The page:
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Proposed Rule

Fisheries of the Exclusive Economic Zone Off Alaska; Allocating Gulf of Alaska Fishery Resources

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Information about this document as published in the Federal Register.

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AGENCY:

National Marine Fisheries Service (NMFS), National Oceanic and Atmospheric Administration (NOAA), Commerce.

ACTION:

Availability of fishery management plan amendment; request for comments.

SUMMARY:

NMFS manages Gulf of Alaska (GOA) groundfish fisheries through the authority of the Magnuson-Stevens Fishery Conservation and Management Act (Magnuson-Stevens Act). Congress granted NMFS specific regulatory authority to manage Central GOA rockfish fisheries in the Consolidated Appropriations Act of 2004. Congress provided additional guidance to the North Pacific Fishery Management Council (Council) in the development of a program to allocate harvesting privileges to fishermen and permit a defined group of processors to form associations with these harvesters for the exclusive use of specific rockfish and other groundfish in the Central GOA.

The Council adopted Amendment 68 in June 2005. Amendment 68 to the Fishery Management Plan for Groundfish of the Gulf of Alaska (FMP) would establish a program to allocate Central GOA groundfish resources among harvesters and processors (Program). Amendment 68 would modify the FMP to increase resource conservation, improve economic efficiency, and improve safety in the Central GOA rockfish fisheries and other fisheries that are subject to the Program. This action is intended to promote the goals and objectives of the Magnuson-Stevens Act, the FMP, and other applicable laws.

DATES:

Comments on the amendment must be received on or before July 14, 2006.

ADDRESSES:

Send comments to Sue Salveson, Assistant Regional Administrator, Sustainable Fisheries Division, Alaska Region, NMFS, Attn: Ellen Walsh. Comments may be submitted by:

  • Mail: P.O. Box 21668, Juneau, AK 99802.
  • Hand Delivery to the Federal Building: 709 West 9th Street, Room 420A, Juneau, AK.
  • Facsimile: 907-586-7557.
  • E-mail: 0648-AT71-GOA68-NOA@noaa.gov. Include in the subject line of the e-mail the following document identifier: “Central GOA Rockfish RIN 0648-AT71.” E-mail comments, with or without attachments, are limited to 5 megabytes.
  • Webform at the Federal eRulemaking Portal: www.regulations.gov. Follow the instructions at that site for submitting comments.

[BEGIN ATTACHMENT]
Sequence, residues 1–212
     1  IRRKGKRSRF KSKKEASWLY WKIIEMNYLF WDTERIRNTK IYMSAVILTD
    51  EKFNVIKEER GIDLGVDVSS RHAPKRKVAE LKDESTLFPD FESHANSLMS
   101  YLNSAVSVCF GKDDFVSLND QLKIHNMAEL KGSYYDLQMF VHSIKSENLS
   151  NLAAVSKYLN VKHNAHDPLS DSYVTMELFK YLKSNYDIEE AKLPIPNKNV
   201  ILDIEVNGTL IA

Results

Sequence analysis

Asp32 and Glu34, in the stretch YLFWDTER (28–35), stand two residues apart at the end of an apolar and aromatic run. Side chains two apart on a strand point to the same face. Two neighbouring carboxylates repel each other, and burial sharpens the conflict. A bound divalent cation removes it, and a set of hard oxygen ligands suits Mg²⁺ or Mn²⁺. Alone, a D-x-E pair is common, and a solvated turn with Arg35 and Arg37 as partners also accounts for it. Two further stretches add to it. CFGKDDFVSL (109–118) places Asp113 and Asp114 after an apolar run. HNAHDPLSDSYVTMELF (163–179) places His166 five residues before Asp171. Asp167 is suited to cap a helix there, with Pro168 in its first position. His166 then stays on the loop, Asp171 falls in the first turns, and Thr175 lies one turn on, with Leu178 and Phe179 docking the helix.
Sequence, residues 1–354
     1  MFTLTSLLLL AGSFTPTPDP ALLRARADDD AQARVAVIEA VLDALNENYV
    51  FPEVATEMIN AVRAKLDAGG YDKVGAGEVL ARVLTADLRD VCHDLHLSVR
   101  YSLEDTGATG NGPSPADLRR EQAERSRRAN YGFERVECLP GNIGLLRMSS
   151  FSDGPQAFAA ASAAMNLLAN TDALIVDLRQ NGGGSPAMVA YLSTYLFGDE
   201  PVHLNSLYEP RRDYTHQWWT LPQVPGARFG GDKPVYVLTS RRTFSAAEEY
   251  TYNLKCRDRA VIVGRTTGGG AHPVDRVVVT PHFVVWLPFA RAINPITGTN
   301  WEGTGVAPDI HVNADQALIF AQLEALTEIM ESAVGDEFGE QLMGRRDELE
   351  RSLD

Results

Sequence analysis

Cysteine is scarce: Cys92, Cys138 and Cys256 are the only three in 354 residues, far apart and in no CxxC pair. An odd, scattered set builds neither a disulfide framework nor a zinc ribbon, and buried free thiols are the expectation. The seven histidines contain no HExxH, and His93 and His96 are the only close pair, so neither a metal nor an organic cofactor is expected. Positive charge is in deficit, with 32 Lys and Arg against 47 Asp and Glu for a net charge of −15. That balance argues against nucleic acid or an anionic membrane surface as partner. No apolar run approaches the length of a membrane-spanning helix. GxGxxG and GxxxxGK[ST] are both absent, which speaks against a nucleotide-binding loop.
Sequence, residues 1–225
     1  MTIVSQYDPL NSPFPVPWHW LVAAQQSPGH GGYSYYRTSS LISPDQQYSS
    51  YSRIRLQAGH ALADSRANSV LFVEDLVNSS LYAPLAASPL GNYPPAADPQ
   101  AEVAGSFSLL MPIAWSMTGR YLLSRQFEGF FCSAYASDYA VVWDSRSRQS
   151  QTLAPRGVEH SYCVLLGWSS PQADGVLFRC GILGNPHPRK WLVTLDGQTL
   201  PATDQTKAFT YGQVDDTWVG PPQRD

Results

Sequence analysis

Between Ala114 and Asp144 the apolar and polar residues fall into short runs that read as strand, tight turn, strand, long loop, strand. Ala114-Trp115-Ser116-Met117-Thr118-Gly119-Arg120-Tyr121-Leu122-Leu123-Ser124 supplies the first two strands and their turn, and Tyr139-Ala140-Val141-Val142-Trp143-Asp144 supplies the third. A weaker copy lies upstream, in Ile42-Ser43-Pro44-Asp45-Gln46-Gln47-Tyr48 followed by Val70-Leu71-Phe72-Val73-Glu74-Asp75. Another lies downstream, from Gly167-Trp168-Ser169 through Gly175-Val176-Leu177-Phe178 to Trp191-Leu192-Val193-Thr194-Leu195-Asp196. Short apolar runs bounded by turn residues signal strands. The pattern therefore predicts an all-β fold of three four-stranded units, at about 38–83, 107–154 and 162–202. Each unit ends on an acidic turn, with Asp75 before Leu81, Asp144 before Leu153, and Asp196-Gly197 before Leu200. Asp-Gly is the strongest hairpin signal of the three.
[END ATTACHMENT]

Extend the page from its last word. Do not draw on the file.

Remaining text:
Copies of Amendment 68 and the Environmental Assessment/Regulatory Impact Review/Initial Regulatory Flexibility Analysis (EA/RIR/IRFA) for this action may be obtained from the NMFS Alaska Region at the address above or from the Alaska Region website at http://www.fakr.noaa.gov/​sustainablefisheries.htm.

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FOR FURTHER INFORMATION CONTACT:

Glenn Merrill, 907-586-7228 or glenn.merrill@noaa.gov.

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SUPPLEMENTARY INFORMATION:

The Magnuson-Stevens Act requires that each regional fishery management council submit any FMP amendment it prepares to NMFS for review and approval, disapproval, or partial approval by the Secretary. The Magnuson-Stevens Act also requires that NMFS, upon receiving an FMP amendment, immediately publish a notice in the Federal Register announcing that the amendment is available for public review and comment.

The Council submitted Amendment 68 to the FMP for Secretarial review, which would implement the Program designed to meet the requirements of Section 802 of the Consolidated Appropriations Act of 2004 (Public Law 108-199). Section 802 states:

SEC. 802. GULF OF ALASKA ROCKFISH DEMONSTRATION PROGRAM.

The Secretary of Commerce, in consultation with the North Pacific Fishery Management Council, shall establish a pilot program that recognizes the historic participation of fishing vessels (1996 to 2002, best 5 of 7 years) and historic participation of fish processors (1996 to 2000, best 4 of 5 years) for pacific ocean perch, northern rockfish, and pelagic shelf rockfish harvested in Central Gulf of Alaska. Such a pilot program shall (1) provide for a set-aside of up to 5 percent for the total allowable catch of such fisheries for catcher vessels not eligible to participate in the pilot program, which shall be delivered to shore-based fish processors not eligible to participate in the pilot program; (2) establish catch limits for non rockfish species and non-target rockfish species currently harvested with pacific Start Printed Page 27985ocean perch, northern rockfish, and pelagic shelf rockfish, which shall be based on historical harvesting of such bycatch species. The pilot program will sunset when a Gulf of Alaska Groundfish comprehensive rationalization plan is authorized by the Council and implemented by the Secretary, or 2 years from date of implementation, whichever is earlier.

The Council considered congressional guidance in the development of the Program, particularly in the selection of specific years on which to base participation and for the “recognition” of processor participation. Additionally, Section 802 provides NMFS with the authority to regulate processors under this Program. NMFS does not have specific authority under the Magnuson-Stevens Act to regulate on-shore processing activities.